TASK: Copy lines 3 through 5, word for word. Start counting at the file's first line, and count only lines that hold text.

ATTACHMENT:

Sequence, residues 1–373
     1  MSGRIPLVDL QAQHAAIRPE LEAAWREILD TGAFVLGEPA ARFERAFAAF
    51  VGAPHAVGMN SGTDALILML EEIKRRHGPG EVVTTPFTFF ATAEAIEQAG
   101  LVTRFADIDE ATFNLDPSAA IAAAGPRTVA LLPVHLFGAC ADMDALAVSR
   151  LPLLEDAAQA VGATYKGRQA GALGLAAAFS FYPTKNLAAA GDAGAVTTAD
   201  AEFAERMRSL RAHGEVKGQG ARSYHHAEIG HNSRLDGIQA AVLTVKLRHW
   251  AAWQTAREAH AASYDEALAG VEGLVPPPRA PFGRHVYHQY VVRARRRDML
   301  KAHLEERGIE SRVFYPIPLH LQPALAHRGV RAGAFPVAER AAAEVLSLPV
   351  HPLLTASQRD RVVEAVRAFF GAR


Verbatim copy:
    51  VGAPHAVGMN SGTDALILML EEIKRRHGPG EVVTTPFTFF ATAEAIEQAG
   101  LVTRFADIDE ATFNLDPSAA IAAAGPRTVA LLPVHLFGAC ADMDALAVSR
   151  LPLLEDAAQA VGATYKGRQA GALGLAAAFS FYPTKNLAAA GDAGAVTTAD